Any individual’s most effective casual contacts will tend to be their first contacts with the strongest impact on first time in infrequent visitors. The more the audience passes by the static displays, the less likely they are to notice them or gain any effect from them. Deliberate contacts are purposeful visits to air park. Deliberate visitors can take an aesthetic, historical, technical or memorial approach to the displays. They may make use of non-personal interpretive resources, interpretive panels, printed guidebooks or interpreters. Guided contacts are fairly rare in base air parks, but a few sites have personnel sometimes available for that purpose, which is often by appointment. But the effectiveness of deliberate contacts measured in intellectual and emotional outcomes interpretive effects, is highly dependent on the quality of the air park and its interpretive materials.
The availability of interpretive materials then is dependent on interest from site administrators and availability of competent interpreters. These two main audience groups differ in the nature of the contacts… in the nature of the effects that they receive from the air park and thus how those effects can be measured. Deliberate contacts follow the standard model for interpretive sites. Casual contacts are more heavily influenced by the air parks aesthetic appeal as an element of a specific landscape. The landscape architecture function of the airpark. A cost-benefit analysis would need to inquire into the rate of return over time.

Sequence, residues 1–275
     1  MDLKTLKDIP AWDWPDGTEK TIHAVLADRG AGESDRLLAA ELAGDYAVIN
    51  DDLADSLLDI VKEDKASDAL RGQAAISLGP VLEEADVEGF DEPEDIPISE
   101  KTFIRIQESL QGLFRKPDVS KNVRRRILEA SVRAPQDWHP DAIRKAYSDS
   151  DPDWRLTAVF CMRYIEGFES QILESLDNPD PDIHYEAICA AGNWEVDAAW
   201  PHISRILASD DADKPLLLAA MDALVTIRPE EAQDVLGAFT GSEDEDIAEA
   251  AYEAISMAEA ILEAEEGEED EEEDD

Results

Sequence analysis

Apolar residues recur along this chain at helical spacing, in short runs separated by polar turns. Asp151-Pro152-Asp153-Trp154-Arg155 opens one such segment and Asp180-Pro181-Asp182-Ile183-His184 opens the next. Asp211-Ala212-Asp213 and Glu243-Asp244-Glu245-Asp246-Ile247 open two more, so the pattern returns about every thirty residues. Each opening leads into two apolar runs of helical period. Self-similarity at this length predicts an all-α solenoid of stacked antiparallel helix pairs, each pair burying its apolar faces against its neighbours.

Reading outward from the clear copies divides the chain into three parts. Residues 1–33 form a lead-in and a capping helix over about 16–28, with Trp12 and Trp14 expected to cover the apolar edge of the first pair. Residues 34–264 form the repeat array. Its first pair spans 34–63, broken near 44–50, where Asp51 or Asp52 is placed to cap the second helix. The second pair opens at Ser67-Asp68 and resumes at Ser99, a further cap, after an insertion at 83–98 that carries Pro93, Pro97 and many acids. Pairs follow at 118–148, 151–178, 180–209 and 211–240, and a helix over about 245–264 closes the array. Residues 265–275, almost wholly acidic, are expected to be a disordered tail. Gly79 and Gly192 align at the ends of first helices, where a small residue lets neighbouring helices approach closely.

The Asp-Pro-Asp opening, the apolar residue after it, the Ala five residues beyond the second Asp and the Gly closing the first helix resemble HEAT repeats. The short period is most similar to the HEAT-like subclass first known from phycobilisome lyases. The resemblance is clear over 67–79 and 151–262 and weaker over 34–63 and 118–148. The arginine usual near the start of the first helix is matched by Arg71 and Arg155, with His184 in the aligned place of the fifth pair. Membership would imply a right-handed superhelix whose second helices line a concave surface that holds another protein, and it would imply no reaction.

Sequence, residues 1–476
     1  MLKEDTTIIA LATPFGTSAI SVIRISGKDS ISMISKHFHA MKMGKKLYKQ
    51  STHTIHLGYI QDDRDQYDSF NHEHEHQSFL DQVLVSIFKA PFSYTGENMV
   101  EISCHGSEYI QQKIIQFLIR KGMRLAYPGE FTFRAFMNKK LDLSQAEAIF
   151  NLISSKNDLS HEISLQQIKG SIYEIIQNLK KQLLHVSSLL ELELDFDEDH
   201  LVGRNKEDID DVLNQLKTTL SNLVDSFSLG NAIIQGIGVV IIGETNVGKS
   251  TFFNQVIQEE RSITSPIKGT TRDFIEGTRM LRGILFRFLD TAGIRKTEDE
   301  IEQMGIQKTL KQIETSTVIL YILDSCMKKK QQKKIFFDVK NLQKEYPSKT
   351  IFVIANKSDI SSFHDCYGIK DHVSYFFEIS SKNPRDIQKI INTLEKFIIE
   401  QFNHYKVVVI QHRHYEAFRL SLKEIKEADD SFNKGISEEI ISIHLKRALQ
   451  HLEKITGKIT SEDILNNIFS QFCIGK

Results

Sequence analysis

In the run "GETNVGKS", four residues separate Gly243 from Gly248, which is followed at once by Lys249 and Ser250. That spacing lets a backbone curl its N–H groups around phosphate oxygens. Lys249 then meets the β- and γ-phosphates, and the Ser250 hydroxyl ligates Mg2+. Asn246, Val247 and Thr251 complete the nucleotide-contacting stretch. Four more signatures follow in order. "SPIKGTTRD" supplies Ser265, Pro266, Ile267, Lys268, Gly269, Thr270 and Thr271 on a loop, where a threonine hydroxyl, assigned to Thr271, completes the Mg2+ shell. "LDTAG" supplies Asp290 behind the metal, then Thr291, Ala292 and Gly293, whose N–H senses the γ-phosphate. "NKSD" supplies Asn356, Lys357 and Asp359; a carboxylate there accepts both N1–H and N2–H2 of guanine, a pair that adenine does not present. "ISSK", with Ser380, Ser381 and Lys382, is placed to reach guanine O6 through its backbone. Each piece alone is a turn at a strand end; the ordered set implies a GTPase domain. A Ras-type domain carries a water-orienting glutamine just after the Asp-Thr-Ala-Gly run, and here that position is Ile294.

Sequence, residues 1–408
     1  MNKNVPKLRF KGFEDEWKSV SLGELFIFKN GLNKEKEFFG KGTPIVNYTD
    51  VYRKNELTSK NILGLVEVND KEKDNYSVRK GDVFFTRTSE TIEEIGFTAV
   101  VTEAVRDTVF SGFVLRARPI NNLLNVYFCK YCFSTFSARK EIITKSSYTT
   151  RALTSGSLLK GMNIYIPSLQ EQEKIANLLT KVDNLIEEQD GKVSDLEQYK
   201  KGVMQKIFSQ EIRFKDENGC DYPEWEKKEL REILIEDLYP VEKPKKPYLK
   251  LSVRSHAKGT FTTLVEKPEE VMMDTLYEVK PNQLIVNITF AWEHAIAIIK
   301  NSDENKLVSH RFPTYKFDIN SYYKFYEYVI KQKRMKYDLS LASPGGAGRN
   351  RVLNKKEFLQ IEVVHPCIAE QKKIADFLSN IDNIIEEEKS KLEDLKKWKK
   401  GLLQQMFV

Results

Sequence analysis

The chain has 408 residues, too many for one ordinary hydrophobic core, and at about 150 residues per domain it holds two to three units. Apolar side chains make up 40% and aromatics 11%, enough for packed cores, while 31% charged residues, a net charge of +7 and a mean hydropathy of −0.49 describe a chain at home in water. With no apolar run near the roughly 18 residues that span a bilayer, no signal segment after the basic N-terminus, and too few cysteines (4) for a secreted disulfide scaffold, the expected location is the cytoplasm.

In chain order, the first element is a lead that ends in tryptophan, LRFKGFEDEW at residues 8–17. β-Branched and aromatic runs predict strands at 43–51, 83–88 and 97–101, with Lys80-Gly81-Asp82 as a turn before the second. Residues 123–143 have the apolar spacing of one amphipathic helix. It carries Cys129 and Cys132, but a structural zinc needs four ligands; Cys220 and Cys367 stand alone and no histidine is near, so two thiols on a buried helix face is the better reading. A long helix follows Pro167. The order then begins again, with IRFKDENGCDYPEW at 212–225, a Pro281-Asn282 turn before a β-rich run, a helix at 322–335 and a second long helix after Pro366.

Standalone air parks of any size are most often set up to be visible to passing vehicle traffic. Most air parks visitation will consist primarily of frequent commuters and local traffic. It would be reasonable to predict that the effect of a static display or display group on an individual casual passer-by decreases over time. But an air park or individual statics display aircraft should not be understood solely as an individual exhibit artifact. Static displays contribute to an architectural and landscape architectural environment. On an air force base there one of the elements and probably the key element that can communicate a location’s sense of being a military base. Other common contributing architectural elements includes symbolic and practical defensive fortifications, barracks, parade grounds, garrison flagpoles, distinctive signage, formal administrative architecture.